A Collection of old ballads. Corrected from the best and most ancient copies extant. With introductions historical, critical, or humorous. Illustrated with copper plates
Printed for J. Roberts; and sold by J. Brotherton, A. Bettesworth, 1725 - Ballads, English
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Againft alfo Amongft Battel brave Broom of Cowdenknow Caufe cou'd Court Crown cry'd Daughter dear Death defire Derry doth Duke Duke of Buckingham Dutchefs e'er Earl Earl of Richmond Earl Richmond Elizabeth England Englifh fafe faid fair fame Father fave fecond feen felf fent fhall fhould fight fince firfl firft flain fmall fome foon fpeak frae France Friends ftand ftill fuch fweet gallant Grief hath Heart Henry VIII herfelf himfelf Honour Houfe King Henry King Richard Kingdom Knight Lady lafl laft Land Lord Lord Guilford Dudley Love Mafter Maid Marriage married mofl moft muft ne'er never noble Northumberland Number old Cap pleafe Pleafure Praife Prifon Prince Princefs Queen Mary quoth fhe raife reafon reft Reign Royal Sack Sifter Soldiers Song Sorrow Spain thee thefe thofe thou thoufand tlie Tune twas unto Welladay whofe Wife wou'd young
Page 219 - How could you say my face was fair, And yet that face forsake? How could you win my virgin heart, Yet leave that heart to break?
Page 191 - We wanted no brawn nor souse. When this old cap was new. We took not such delight In cups of silver fine : None under the degree of a knight In plate drank beer or wine : Now each mechanical man Hath a cupboard of plate for a show ; Which was a rare thing then, When this old cap was new.
Page 243 - And thought I ne'er could alter ; But Mary Gray's twa pawky een, They gar my fancy falter. Now Bessy's hair's like a lint-tap ; She smiles like a May morning, When Phoebus starts frae Thetis...
Page 253 - I'll aye remember ; But now her frowns make it decay, It fades as in December. Ye rural powers, who hear my strains, Why thus should Peggy grieve me ? Oh ! make her partner in my pains, Then let her smiles relieve me.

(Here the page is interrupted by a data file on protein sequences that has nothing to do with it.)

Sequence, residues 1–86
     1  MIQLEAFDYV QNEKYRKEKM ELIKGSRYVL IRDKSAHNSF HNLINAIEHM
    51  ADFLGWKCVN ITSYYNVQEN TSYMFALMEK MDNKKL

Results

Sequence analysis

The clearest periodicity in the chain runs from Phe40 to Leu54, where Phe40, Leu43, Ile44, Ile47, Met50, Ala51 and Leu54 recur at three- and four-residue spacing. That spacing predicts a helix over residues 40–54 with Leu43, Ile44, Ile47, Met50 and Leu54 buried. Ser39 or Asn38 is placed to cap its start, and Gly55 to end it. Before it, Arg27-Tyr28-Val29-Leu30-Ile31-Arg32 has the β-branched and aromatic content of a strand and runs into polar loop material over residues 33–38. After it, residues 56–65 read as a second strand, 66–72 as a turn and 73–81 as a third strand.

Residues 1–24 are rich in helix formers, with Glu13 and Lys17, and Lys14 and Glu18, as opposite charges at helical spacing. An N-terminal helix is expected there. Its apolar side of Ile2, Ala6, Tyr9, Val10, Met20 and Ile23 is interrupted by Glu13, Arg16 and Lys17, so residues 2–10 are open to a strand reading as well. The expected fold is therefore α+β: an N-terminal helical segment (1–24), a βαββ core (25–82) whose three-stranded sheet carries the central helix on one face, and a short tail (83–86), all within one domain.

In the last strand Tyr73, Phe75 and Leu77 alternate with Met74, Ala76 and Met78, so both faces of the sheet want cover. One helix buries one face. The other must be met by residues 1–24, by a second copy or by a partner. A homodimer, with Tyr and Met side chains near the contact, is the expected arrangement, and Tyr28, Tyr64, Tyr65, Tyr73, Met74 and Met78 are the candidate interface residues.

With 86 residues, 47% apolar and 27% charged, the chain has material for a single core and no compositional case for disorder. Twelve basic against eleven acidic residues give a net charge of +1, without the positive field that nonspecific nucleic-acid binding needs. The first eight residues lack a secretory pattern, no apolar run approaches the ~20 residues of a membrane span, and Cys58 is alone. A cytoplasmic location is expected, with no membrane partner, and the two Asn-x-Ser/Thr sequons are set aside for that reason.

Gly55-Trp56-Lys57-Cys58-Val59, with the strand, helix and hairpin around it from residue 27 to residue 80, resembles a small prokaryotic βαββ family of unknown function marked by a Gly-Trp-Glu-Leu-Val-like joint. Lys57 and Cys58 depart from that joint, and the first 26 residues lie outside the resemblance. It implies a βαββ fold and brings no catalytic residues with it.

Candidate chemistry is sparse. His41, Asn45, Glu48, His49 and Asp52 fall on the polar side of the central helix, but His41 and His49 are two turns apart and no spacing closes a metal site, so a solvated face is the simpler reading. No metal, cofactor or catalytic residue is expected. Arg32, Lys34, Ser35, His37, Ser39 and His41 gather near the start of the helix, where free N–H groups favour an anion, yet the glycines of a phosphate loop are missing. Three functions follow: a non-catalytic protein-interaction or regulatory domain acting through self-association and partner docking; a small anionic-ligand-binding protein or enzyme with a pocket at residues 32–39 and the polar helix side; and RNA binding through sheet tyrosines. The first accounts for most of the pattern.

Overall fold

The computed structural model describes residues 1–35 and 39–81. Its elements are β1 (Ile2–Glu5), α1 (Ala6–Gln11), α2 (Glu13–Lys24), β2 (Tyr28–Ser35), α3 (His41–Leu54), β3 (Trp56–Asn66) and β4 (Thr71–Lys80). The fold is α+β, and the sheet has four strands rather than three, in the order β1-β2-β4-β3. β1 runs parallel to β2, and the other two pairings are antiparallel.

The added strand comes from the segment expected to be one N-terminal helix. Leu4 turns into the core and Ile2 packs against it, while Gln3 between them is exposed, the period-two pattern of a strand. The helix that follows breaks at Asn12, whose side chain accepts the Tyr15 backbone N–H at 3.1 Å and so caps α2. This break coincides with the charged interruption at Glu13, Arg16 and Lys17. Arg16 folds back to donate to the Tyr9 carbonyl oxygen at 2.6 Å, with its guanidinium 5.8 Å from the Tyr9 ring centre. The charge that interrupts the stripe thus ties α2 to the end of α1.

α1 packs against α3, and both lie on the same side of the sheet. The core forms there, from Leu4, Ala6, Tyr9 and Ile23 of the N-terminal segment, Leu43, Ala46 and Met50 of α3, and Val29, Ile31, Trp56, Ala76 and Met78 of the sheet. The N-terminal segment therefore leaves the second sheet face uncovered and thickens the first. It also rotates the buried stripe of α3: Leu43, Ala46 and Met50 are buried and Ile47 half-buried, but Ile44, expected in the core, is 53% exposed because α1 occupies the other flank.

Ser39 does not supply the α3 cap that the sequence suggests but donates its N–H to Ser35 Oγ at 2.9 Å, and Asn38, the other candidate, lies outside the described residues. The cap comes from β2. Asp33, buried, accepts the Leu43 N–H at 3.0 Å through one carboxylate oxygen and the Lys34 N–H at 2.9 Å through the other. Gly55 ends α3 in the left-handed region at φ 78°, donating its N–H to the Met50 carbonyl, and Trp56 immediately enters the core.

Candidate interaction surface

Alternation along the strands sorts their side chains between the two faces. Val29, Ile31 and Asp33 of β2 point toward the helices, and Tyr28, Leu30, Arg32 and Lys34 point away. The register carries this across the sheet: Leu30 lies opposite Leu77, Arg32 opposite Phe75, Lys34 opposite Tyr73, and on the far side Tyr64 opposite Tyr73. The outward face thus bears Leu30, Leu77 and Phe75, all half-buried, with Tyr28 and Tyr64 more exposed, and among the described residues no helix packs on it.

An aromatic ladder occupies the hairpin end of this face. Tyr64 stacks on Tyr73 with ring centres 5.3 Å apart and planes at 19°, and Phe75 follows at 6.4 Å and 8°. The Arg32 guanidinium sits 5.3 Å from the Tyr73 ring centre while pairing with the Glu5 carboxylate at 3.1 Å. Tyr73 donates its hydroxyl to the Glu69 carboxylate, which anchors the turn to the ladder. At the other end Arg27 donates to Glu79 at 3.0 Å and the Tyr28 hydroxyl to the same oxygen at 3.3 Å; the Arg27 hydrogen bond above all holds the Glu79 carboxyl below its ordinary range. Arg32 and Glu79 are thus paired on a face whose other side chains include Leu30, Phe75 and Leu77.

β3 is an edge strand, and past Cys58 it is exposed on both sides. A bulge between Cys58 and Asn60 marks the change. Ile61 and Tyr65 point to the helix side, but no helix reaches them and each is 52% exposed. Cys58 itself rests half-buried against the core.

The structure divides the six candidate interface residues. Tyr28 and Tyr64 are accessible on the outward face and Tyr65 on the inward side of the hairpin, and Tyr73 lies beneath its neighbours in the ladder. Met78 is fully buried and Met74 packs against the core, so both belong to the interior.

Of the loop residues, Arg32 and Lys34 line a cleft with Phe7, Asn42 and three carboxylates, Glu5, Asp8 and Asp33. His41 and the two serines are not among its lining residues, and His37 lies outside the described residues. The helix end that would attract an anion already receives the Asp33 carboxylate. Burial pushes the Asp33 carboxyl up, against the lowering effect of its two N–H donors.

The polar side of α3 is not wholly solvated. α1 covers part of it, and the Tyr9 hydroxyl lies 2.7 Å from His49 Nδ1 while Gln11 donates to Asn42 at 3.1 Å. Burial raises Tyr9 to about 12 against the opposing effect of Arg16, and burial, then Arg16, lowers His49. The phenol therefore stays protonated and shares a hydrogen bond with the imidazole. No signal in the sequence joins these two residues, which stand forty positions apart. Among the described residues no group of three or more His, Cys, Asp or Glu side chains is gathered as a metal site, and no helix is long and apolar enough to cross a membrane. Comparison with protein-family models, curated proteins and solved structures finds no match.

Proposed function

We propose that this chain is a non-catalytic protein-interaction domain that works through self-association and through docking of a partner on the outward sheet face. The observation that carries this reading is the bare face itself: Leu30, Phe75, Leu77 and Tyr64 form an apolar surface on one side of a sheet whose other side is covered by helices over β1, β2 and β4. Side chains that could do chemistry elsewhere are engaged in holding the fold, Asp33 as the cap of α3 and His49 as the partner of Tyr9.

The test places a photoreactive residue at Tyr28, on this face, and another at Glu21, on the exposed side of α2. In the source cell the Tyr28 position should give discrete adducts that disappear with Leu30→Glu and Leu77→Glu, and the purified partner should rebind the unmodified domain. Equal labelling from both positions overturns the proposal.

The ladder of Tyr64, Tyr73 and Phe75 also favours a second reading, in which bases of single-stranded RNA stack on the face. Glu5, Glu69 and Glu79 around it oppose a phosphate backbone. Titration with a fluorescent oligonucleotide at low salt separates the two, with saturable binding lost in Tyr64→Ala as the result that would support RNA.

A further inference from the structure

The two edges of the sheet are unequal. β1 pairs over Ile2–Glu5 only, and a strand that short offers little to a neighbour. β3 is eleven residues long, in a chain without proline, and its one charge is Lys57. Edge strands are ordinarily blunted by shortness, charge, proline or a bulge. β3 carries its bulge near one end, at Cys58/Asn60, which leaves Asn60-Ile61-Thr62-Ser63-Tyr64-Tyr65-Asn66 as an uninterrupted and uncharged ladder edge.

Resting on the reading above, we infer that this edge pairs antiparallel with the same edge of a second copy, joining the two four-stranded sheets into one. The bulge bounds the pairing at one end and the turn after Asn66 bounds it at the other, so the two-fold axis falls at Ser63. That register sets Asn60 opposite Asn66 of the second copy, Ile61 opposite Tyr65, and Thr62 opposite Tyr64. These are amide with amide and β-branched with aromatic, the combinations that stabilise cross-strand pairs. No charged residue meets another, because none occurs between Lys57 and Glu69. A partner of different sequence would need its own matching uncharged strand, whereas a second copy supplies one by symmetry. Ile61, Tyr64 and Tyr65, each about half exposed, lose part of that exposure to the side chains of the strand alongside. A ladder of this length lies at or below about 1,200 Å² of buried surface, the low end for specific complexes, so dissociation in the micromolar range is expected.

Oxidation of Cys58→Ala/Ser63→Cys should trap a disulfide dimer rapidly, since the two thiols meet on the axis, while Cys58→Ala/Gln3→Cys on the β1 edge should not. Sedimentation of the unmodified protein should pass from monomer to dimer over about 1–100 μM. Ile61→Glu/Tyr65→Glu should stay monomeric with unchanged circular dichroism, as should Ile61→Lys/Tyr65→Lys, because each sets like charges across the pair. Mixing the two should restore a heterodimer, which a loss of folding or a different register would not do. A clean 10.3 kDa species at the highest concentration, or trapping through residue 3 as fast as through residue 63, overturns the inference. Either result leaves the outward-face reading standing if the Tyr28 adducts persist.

Page 260 - Fu' snug in a glen, where nane cou'd see, The twa, with kindly sport and glee, Cut frae a new cheese a whang : The priving was good, it pleas'd them baith, To lo'e her for ay, he gae her his aith. Quo' she, to leave thee I will be laith, My winsome Gaberlunzie-man. O kend my minny I were wi' you, Hl-fardly wad she crook her mou', Sic a poor man she'd never trow, After the Gaberlunzie-man.
Page 189 - When this old cap was new. Good hospitality Was cherish'd then of many ; Now poor men starve and die, And are not help'd by any ; For charity waxeth cold, And love is found in few ; This was not in time of old, When this old cap was new.
Page 241 - THE LASS OF PATIE'S MILL.(i) THE lass of Patie's mill, So bonny, blyth, and gay, In spite of all my skill, She stole my heart away. When tedding of the hay, Bare-headed on the green, Love 'midst her locks did play, And wanton'd in her een. Her arms white, round, and smooth, Breasts rising in their dawn, To age it would give youth To press 'em with his hand : Thro' all my spirits ran An extasy of bliss, When I such sweetness fand Wrapt in a balmy kiss.
Page 190 - A man might then behold At Christmas, in each hall Good fires to curb the cold, And meat for great and small. The neighbors were friendly bidden, And all had welcome true, The poor from the gates were not chidden, When this old cap was new.